We All Survive Fourth Grade: MCA Program Produces ‘Spelling Bee’ Musical

The one-act musical narrated the efforts of six elementary school-aged contestants striving to prove their worth at a local spelling bee, providing sensitive insights into the pandemonium of pre-adolescence.

Putnam Spelling Bee
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February 14 was opening night for the Media, Culture, and the Arts Program’s spring production of The 25th Annual Putnam County Spelling Bee. Not an actual spelling bee, the quirky musical ran for four performances from Thursday through Saturday under the professional direction of Misti B. Wills and the musical direction of associate professor of musical theater Virginia Hart Pike. The show entertained audiences with brilliant casting, surprising humor, and nightly improvisation.

The one-act musical narrates the efforts of six elementary school-aged contestants striving to prove their worth at a local spelling bee, providing sensitive insights into the pandemonium of pre-adolescence, with the promise that the challenges of growing up help us to do exactly that—grow.

The cast comprised nine King’s students who brought to life 13 characters, plus alumnus Brittin Ward (MCA ’18) making a surprise appearance. Four audience members also joined the cast nightly; with no coaching, they supplemented the cast members onstage as contestants until they legitimately misspelled a word. Meanwhile, Ann Marie Hogan (MCA ’21) as fifth-grade political crusader Logainne SchwartzandGrubenierre prompted the guest contestants to participate in simple choreography, Harrison Chapman (RTS ’22) as returning spelling bee champion Chip Tolentino threw candy into the audience, and Benjamin Cook (FIN ’20) danced a soft shoe as the grubby, misunderstood William Barfée. Micah Long (HUM ’21) stole the show as Vice Principal Panch, the deadpan judge of the bee responsible for reading barbed, sarcastic definitions to contestants.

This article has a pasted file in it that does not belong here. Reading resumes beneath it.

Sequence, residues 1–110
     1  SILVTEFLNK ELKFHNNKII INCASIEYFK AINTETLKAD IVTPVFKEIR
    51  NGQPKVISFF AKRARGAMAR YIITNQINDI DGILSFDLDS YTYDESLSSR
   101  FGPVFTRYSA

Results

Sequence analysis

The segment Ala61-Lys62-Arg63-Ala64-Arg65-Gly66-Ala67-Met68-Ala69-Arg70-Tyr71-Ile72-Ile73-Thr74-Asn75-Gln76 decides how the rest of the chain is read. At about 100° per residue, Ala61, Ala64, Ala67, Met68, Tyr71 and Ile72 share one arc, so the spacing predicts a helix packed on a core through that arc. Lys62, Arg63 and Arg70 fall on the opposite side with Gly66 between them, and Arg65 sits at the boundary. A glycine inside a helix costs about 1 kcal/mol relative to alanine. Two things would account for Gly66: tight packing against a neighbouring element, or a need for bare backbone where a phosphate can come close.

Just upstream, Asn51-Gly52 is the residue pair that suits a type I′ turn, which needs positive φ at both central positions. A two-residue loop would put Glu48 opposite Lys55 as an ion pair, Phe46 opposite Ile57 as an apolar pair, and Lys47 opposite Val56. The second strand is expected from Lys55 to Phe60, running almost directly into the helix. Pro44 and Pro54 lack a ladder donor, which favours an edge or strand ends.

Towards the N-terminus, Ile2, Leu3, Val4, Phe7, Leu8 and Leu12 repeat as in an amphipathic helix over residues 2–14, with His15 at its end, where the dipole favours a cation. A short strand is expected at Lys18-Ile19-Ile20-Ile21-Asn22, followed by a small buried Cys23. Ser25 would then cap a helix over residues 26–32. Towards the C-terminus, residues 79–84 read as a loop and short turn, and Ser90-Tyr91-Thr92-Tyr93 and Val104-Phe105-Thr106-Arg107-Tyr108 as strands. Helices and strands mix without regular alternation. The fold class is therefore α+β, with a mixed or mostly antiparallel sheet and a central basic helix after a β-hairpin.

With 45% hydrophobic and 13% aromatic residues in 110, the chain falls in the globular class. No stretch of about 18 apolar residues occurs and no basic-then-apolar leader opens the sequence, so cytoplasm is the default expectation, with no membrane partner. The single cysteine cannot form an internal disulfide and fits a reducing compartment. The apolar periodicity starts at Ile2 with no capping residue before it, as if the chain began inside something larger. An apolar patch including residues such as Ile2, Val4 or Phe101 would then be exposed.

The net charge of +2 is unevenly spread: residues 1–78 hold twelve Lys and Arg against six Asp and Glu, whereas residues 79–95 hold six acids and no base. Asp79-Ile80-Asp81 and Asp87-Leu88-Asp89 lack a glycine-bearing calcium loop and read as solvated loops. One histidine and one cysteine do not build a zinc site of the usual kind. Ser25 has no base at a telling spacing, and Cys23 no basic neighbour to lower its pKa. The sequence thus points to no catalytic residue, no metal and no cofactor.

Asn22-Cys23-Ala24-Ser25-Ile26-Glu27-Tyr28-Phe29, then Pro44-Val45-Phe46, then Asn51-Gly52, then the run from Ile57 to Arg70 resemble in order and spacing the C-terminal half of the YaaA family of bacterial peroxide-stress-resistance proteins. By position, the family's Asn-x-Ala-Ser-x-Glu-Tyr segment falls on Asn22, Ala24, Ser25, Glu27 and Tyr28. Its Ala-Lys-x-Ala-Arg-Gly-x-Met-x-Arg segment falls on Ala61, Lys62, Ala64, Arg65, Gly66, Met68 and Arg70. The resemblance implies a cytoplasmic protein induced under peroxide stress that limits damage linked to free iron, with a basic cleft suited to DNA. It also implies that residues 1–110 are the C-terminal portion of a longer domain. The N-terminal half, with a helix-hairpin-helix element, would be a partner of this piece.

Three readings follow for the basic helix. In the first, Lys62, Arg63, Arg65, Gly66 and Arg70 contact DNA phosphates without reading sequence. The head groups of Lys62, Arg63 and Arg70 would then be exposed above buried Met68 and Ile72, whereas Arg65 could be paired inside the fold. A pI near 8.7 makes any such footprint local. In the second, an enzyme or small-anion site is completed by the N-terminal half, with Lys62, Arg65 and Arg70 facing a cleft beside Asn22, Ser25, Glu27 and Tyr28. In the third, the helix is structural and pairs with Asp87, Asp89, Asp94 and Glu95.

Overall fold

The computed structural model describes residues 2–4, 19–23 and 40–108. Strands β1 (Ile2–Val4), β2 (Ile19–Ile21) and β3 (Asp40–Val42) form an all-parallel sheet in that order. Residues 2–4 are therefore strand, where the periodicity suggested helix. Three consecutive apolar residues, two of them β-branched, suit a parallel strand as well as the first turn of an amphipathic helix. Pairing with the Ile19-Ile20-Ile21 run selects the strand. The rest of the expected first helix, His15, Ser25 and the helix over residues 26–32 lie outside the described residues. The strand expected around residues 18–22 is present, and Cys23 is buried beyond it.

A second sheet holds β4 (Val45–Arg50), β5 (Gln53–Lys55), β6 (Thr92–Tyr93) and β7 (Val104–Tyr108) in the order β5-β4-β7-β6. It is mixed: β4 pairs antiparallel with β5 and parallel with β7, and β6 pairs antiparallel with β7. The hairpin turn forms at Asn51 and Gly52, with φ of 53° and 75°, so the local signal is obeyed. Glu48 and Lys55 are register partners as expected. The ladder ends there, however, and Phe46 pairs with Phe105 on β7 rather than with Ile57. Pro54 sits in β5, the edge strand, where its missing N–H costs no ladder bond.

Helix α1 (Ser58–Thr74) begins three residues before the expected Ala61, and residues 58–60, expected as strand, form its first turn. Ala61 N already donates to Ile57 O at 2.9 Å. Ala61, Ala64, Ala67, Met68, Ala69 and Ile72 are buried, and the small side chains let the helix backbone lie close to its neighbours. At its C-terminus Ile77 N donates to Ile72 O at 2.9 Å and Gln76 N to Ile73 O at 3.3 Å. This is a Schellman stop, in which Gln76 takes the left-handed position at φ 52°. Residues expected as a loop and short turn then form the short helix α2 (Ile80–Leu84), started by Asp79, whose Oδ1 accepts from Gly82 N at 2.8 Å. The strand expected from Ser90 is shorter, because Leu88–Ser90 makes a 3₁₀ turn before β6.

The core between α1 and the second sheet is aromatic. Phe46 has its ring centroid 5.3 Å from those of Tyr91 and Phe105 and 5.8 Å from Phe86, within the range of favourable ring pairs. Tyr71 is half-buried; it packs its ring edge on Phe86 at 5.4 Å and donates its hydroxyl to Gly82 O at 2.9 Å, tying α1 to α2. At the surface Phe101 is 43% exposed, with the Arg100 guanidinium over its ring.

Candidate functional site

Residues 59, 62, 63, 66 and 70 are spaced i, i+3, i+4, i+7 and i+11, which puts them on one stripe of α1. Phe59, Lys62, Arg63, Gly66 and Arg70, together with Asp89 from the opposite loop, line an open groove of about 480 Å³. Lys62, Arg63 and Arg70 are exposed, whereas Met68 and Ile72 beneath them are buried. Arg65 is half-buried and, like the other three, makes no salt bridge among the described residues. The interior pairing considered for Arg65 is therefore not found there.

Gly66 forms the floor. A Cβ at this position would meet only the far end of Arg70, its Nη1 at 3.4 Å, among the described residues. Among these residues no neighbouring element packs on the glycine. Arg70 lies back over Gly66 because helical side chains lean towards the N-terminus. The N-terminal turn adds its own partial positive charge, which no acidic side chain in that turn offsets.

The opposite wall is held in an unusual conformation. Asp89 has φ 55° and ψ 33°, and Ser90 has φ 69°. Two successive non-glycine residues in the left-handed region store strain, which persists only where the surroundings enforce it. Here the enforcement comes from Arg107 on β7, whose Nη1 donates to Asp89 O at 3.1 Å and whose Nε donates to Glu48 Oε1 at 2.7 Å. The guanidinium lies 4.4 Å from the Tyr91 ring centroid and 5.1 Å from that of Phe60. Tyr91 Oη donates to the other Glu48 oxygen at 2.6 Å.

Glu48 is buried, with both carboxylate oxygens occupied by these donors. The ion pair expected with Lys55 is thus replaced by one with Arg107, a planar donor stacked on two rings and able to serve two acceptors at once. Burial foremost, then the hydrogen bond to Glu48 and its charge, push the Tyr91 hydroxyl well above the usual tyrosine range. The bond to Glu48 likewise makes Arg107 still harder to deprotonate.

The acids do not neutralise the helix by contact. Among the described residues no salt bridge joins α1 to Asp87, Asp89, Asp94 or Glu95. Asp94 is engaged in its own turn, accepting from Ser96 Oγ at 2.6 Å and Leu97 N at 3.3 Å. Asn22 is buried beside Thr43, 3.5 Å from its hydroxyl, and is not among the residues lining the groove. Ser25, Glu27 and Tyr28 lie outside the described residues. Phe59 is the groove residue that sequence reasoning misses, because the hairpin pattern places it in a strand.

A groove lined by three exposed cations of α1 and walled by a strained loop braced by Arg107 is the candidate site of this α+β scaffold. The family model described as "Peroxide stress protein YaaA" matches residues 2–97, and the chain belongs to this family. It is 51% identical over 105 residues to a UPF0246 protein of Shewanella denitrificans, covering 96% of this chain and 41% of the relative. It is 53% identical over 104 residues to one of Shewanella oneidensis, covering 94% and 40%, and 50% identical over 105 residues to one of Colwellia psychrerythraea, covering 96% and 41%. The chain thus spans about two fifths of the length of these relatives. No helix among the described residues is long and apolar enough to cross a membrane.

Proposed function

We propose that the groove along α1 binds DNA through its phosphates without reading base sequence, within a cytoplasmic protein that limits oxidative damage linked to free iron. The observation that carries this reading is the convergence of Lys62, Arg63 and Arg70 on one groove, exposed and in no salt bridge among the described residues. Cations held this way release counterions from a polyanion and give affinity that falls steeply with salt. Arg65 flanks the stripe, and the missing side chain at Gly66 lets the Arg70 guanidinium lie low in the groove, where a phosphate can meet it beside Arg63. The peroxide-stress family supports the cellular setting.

Putnam County Spelling Bee

For all of the nerf guns, piggyback rides, kick lines, satire, improvised insults, example sentences, and misspellings, Anna Hopson (MCA ’22) brought out the heart of the show with her role as Rona Lisa Peretti, the motherly host of the bee. Peretti observes of fourth grade, “It’s a hard age for girls, and boys,” but we all survive it and are better because of it. Director Wills elaborated on this theme In her “Notes to the Audience”:

In the pressure cooker of competition, deep struggles are revealed. Each speller has something they must overcome: parental pressures, shyness, economic hardship, absent parents, loneliness, and raging hormones to name a few. The spelling bee becomes the refinement fire where each character is forced to “concentrate on winning” while facing their own battles of self-esteem and performance anxiety. While laughing alongside the familiar adolescent combat zone, we also witness true character transformations.

Caitlin Smith (MCA ’19), who played timid runner-up Olive Ostrovsky, reflected, “While this show was very fun, it also exposed some real pressures and pain that people experience. It was amazing to play both the fun and the real, and I hope that audience members felt both and were moved by our production, because I know we (all of us in the cast) surely were.”

Putnam County Spelling Bee

Dr. Henry Bleattler, chair of the MCA Program and executive producer of Spelling Bee concurred. “Picking a show for our students to perform is never easy, but choosing Spelling Bee, with its focus on overachieving students, issues of identity and self-image, and the burden of adult expectations made a lot of sense—especially as it was being performed in the City Room! Our hope is that the cast, crew, and audience walked away from the show reminded that they are of value for who they are and not for what they do.”

Putnam County Spelling Bee

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